Concussion protection for young athletes - CBS46 News

Concussion protection for young athletes: Is Georgia falling behind?

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ATLANTA (CBS46) -

Each year half a million kids suffer from a concussion in the United States. If not treated immediately and properly, it can lead to a more serious condition, and even brain damage.

Almost every state in the country has a law in place to protect young athletes, but not Georgia. After failing last year, another bill will go before the legislature next session. It's a bill Shaun Davis and her son Courtney are paying attention to.

"You just got to have heart and just be focused," Courtney Davis said.

Courtney Davis loves football. The Columbia High School quarterback started playing when he was 10 years old. The more he played, the more he loved it. The more he played, the tougher the game became.

"Middle school I took hard hits, hard hits. Middle school, that's when I actually had my concussion," Courtney Davis said.

Courtney Davis was at a NFL Football Academy when the lights went out.

"All I remember is me getting hit real hard, my head hit the turf. I don't remember what happened after that. I blacked out and my vision was blurred," Courtney Davis said.

His mom, Shaun Davis, didn't see the hit. What she did see frightened her.

"Courtney was unconscious. He was on the field. Paramedics were over him working on him. His eyes had rolled back in his head so I thought my child was dead," Shaun Davis said.

The worry that Shaun Davis always kept in the back of her mind, leapt to the front.

"I was in absolute shock. No one contacted me to tell me this injury had occurred," Shaun Davis said.

Renowned neurosurgeon Dr. Robert Cantu is the author of Concussions and Our Kids. He says Shaun Davis and every parent of a young athlete have reason to be concerned.

"Youngsters are more prone to concussions. Their brains are not milonated, their heads are disproportionately big, their necks are weaker. All of this sets them up for the given amount of brain trauma being more injurious to the brain than it would to an adult," Cantu said.

State Rep. Billy Mitchell wants more protection for kids. He introduced a bill last legislative session which would create a uniform policy of what should happen when a youth player, in any sport, is suspected of suffering a concussion.

"This was something whose time has come. We looked at what I call the Georgia Return to Play Act, which would establish a protocol, if you will, as to when an athlete suspected of receiving a concussion when they're able to return," Mitchell said.

Under the proposal, coaches, players and parents must be educated about the dangers of concussions. And a player must sit out if suspected of having a concussion and before returning to play they must be medically cleared. The bill went nowhere despite the pleas of current and former Falcons.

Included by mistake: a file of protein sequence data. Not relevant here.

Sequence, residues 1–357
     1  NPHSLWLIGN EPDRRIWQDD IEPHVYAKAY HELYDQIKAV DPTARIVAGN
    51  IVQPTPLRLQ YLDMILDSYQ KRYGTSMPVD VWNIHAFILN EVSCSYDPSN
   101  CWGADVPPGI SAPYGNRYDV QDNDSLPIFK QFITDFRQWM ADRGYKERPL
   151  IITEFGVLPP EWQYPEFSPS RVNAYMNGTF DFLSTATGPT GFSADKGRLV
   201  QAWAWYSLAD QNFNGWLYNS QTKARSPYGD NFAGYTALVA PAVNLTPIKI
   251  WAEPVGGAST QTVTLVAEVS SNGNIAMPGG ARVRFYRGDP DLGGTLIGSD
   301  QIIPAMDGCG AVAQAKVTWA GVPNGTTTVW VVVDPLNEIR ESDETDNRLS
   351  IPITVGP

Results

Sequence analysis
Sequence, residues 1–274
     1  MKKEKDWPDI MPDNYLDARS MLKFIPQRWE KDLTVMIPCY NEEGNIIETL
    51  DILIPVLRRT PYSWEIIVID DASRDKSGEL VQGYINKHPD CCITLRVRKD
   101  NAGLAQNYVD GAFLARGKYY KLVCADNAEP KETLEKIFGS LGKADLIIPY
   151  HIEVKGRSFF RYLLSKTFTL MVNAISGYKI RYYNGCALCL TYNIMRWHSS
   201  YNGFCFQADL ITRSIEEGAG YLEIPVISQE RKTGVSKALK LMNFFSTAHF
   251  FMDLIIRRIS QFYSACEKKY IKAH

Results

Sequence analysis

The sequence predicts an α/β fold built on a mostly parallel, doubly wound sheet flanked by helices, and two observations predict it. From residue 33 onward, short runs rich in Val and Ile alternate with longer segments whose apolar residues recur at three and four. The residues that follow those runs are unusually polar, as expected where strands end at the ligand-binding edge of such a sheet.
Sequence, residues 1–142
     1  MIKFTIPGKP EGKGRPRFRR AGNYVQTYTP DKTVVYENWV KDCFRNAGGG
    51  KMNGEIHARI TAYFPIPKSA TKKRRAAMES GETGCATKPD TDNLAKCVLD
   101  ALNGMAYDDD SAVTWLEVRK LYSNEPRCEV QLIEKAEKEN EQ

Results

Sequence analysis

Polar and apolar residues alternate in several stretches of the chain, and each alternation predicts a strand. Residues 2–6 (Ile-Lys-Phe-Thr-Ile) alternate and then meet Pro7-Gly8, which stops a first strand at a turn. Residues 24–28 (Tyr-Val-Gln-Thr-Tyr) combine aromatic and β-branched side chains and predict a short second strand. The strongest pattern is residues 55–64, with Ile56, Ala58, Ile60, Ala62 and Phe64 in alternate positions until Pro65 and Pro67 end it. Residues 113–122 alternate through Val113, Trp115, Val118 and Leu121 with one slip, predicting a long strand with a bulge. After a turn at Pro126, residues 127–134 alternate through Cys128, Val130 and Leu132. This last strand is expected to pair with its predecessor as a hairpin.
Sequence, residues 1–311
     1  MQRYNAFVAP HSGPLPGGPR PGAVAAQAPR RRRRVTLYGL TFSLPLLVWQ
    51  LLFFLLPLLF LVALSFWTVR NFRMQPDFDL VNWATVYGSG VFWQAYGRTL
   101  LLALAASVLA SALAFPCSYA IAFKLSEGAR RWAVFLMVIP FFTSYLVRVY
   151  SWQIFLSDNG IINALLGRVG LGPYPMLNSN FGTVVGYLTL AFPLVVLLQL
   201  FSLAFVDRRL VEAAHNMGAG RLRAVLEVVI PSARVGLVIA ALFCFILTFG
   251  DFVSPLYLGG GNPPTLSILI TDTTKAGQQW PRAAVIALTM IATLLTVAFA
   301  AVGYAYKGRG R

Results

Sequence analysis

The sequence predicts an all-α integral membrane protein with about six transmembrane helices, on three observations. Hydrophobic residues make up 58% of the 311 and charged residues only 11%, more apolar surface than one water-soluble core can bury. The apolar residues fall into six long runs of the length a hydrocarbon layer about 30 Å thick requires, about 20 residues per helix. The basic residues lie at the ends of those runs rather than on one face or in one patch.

"I can remember after one play, getting up, seeing the sky was a shade of yellow. And there were green dots. I didn't know I had a concussion at that time," kicker Matt Bryant said.

Washington State was the first to pass a tough youth Return to Play law. But it took a tragedy to get action. In 2006, Zachery Lystedt, then 13 years old, suffered a concussion during a middle school football game. Lystedt went back into the game after just a few plays. He later collapsed, and suffered a life-threatening brain injury.

That led to Lystedt's Law. Since being passed in 2009, most of the country has adopted the law or something similar.

"I think it's good for kids playing youth sports, all of sports," NFL Commissioner Roger Goodell said.

Earlier this year, Goodell NCAA president Mark Emmert sent a letter to the states without a law, including a letter to Georgia Gov. Nathan Deal, urging them to pass similar legislation.

"It's important for them to be educated on concussions and also very important for them to understand to pull themselves out of the game to be properly evaluated before they go back in. This is something we've pledged to do in all 50 states, we're 40 plus D.C.," said Goodell.

Georgia is one of only six states without a law pending.

"Georgia doesn't want to be behind when it comes to protecting our student athletes," Mitchell said.

"I think that this is very critical, very crucial because if not, we're going to lose a lot of players," Shaun Davis said.

Courtney Davis admits at his age, many players don't think about head trauma, but believes they should.

"I think it's important to be taken out of the game, because if you take a second hit to the head, something bad could happen. You could get brain damage," Courtney Davis said.

The Georgia High School Association requires each school district have a concussion policy. Currently there is nothing on the books for the middle school level or club sports.

CBS Atlanta News requested an interview with Deal for this story and asked if he would support such a bill. His staff said he does not comment on any legislation that is not on his agenda.

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